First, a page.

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  • Mike Groll / The Associated Press

    Debra Winger speaks during a rally against hydraulic fracturing for natural gas, or fracking, in late October in Albany, N.Y. The actress will be in Nevada City on Friday to discuss and promote “Gasland Part II,” for which she is credited as creative consultant.

  • HBO

    Steve Lipsky, left, holds a hose whose water has caught fire in “Gasland Part II,” which screens twice Friday evening at Nevada City’s 12th annual Wild & Scenic Film Festival.

  • HBO

    Col Davis appears in a scene in “Gasland Part II,” which will screen twice Friday evening at Nevada City’s Wild & Scenic Film Festival.

  • HBO

    Josh Fox, below, gets ’cuffed in a scene from “Gasland Part II.”

More Information


    What: A four-day environmental and adventure film festival offering 126 films averaging 40 minutes in length. Highlights: two screenings Friday of “Gasland Part II” (6:30 at Miners’ Foundry and 7 at the Nevada Theatre), with appearances by the film’s creative consultant, actress Debra Winger; two short films by Grass Valley’s Jeff Litton, “Environmental Lawyers and the Protection of Sharks,” and “Environmental Whaling vs. Cultural Whaling,” shown as part of a 1:30 p.m. Saturday program at Oddfellows Hall in Nevada City. The festival is presented by and is the primary fundraiser for the South Yuba River Citizens League watershed nonprofit.

    When: Today-Sunday

    Where: Miners’ Foundry, 325 Spring St.; Nevada Theatre, 401 Broad St.; and Oddfellows Hall, 212 Spring St., Nevada City, and other venues in Nevada City and Grass Valley.

    Cost: Tickets buy time sessions rather than individual films or programs. The purchase of a designated session guarantees a seat, but not necessarily at the venue of choice. Sessions start at $20 for adults and $15 for ages 17 and younger. Friday’s Nevada City session (with the Winger appearances) is $29.

    Information: www.wildandscenic

Debra Winger presents anti-fracking doc at Nevada City’s Wild & Scenic Film Festival

Published: Wednesday, Jan. 8, 2014 - 8:07 pm
Last Modified: Thursday, Jan. 9, 2014 - 8:45 am

Words matter to Debra Winger. Like “frack,” the gas-industry diminutive for hydraulic fracturing that does not sound attractive in any context.

“That word is a gift that can never be repaid,” Winger, calling from New York City, said with a laugh. Her voice carries the same raspy playfulness of her 1980s Hollywood heyday, deepened with time. “We could not have come up with anything better.”

“We” are people like Winger who want fracking to end. Winger, 58, was involved closely with “Gasland,” the Oscar-nominated 2010 documentary – that one where people memorably used lighters to set the water coming from their kitchen faucets on fire – and its 2013 sequel, “Gasland Part II.”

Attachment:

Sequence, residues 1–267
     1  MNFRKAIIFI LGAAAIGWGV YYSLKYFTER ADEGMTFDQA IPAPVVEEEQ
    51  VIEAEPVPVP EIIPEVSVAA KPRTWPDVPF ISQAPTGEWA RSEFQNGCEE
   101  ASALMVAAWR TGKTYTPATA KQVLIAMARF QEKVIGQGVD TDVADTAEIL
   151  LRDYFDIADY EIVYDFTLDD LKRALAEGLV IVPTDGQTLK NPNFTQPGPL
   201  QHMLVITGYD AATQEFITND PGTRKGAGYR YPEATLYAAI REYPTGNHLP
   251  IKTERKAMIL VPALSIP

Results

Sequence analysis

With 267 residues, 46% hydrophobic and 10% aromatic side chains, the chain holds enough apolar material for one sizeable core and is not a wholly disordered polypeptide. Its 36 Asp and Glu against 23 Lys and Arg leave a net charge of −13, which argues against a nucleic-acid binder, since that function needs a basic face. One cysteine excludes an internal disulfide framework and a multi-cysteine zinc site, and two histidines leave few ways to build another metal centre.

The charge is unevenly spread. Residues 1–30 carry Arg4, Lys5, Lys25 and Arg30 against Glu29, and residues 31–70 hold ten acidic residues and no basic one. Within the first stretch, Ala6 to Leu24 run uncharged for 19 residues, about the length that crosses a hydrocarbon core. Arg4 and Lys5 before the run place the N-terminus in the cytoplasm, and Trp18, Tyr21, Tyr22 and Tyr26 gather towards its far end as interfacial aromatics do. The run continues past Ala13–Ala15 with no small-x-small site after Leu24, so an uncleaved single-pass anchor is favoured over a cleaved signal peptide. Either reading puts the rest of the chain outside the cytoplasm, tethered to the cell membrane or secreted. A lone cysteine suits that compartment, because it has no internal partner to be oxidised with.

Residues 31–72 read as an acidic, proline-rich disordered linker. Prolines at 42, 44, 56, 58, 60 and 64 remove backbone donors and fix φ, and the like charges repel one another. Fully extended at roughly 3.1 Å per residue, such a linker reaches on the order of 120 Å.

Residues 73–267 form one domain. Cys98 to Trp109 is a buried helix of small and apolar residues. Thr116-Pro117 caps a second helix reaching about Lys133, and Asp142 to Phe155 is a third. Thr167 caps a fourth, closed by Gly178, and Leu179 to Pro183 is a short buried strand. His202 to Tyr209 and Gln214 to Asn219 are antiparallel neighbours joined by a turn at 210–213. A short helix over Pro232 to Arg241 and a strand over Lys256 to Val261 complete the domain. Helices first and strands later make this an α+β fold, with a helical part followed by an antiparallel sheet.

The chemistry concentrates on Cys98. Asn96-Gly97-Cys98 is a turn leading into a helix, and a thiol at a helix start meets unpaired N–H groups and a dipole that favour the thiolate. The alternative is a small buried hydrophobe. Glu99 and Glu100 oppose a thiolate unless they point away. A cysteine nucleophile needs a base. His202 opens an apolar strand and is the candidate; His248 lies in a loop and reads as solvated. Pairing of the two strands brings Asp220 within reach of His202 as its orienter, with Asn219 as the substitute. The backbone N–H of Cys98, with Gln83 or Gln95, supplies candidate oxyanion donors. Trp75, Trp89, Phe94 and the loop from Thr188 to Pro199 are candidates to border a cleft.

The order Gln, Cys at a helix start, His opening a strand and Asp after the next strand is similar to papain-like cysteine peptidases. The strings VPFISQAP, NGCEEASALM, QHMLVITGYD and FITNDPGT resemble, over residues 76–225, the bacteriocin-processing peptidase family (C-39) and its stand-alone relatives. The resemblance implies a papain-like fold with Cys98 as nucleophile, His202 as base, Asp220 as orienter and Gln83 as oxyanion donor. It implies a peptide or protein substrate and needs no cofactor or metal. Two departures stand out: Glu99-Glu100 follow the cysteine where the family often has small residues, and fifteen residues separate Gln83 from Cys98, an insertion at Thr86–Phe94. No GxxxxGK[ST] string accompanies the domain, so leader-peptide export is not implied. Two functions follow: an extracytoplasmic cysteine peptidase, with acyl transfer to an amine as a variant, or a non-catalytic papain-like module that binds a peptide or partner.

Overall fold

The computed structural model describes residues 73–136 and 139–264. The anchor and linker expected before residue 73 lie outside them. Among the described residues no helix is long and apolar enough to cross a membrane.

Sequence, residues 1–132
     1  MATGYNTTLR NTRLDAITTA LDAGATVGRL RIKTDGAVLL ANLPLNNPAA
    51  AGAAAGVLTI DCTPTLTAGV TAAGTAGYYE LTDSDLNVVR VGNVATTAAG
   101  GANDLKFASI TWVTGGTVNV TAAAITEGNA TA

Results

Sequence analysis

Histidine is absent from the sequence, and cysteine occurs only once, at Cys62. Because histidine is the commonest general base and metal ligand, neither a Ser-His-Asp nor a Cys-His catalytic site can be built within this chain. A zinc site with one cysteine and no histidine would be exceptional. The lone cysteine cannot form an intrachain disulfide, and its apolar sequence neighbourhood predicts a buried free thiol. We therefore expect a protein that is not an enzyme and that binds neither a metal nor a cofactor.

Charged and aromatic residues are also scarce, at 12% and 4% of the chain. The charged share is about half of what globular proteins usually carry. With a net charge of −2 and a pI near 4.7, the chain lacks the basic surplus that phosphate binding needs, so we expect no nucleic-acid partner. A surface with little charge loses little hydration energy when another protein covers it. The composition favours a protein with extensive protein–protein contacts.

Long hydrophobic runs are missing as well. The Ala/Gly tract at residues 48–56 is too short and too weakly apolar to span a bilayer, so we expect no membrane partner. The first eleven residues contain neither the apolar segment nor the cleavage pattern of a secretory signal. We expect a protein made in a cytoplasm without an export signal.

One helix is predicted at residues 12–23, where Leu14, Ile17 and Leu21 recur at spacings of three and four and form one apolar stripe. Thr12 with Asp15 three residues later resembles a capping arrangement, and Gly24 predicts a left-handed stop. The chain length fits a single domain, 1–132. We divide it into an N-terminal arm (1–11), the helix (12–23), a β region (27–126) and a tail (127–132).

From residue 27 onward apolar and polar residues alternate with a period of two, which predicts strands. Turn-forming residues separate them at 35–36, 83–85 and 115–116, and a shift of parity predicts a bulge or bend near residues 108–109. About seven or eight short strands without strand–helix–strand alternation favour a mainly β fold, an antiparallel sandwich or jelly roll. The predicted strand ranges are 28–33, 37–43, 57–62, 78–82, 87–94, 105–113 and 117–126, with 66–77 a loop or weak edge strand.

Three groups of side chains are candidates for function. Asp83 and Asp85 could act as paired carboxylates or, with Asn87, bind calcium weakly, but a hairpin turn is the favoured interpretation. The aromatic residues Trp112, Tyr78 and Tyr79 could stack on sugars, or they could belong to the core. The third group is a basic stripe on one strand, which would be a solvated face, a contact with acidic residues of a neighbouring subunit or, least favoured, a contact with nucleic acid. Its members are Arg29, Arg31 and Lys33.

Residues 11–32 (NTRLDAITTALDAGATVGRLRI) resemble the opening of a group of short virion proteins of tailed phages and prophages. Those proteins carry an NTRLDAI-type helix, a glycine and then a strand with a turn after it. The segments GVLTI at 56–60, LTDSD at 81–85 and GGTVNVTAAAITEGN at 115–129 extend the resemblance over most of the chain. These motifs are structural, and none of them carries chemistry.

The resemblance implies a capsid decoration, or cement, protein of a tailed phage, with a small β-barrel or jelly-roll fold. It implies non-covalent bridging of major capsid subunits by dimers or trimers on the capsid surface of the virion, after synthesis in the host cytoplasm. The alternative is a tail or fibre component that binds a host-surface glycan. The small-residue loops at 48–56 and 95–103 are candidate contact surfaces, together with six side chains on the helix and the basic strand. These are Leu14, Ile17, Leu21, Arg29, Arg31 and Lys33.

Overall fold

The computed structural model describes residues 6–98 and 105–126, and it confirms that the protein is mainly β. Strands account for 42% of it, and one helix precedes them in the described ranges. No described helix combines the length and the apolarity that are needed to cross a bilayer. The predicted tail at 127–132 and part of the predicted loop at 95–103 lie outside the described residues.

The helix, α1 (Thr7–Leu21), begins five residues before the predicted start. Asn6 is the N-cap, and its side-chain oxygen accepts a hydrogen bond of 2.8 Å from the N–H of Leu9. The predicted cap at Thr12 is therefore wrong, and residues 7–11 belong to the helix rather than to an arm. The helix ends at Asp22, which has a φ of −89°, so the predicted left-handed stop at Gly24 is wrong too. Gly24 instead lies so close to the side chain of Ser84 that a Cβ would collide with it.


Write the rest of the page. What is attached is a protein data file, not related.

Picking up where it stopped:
Winger will appear Friday and help present “Gasland Part II” at Nevada City’s 12th Wild & Scenic Film Festival. The festival will offer two shows a half-hour apart (6:30 p.m. at Miners Foundry and 7 p.m. at the Nevada Theatre) to accommodate Winger’s time in town and the crowds the event likely will draw.

“Her passionate work a gainst fracking aligns so perfectly with the theme of this year’s festival – ‘emPOWERment,’ ” said Melinda Booth, the festival’s director.

Many of the 126 movies in the four-day festival, which starts today, touch on “climate change and different solutions to the energy crisis,” Booth added.

Winger has been working with director Josh Fox, who lives across the Delaware River from her family’s primary residence in New York’s Catskills Mountains, from the beginning on “Gasland.” She’s flying across the country with Catskill Mountainkeeper environmental group’s executive director, Ramsay Adams, on the sequel’s behalf. But she resists terms such as “producer” and “activist” that one might attach to her involvement with the film.

“People clamor for a producing credit” on films, Winger said. “But if you are brought up the way I was – my mentor (‘Urban Cowboy’ director) James Bridges had me in the cutting room on my first film – you understand that filmmaking is an incredibly collaborative art form.”

She offered Fox feedback and did other “things producers do,” Winger said, but she didn’t care about her credit, which ended up being “creative consultant.”

The “Gasland” project started after Fox’s family was offered $100,000 by gas interests to lease their land. Fox decided to investigate the effects on people already living with gas wells on their property.

He contacted his famous neighbor Winger, whom he did not yet know, to get her thoughts on some footage he had shot.

“It was clear he had a film,” Winger said. At the time, other neighbors whose land sat atop the gas-rich Marcellus Shale also had been approached, though she had not been.

“We were starting to have meetings and were getting hip to what was going on, though we had no idea of the extent of it,” she said.

Fox found towns in Pennsylvania (he lives on the Pennsylvania side of the Delaware) and Colorado where, residents said, groundwater had been polluted by chemicals associated with fracking, a practice largely exempted from the Safe Drinking Water Act by the 2005 Energy Policy Act.

The “Gasland” footage of these residents igniting faucet water sparked greater awareness about fracking’s potential dangers. In the years since the film’s release, federal rules have not changed, but public awareness has increased, and there has been significant movement, both pro and con, on state and municipality levels.

“I don’t think it was the classic definition of a documentary, but it was a wonderful cannon to be able to fire,” Winger said of “Gasland.”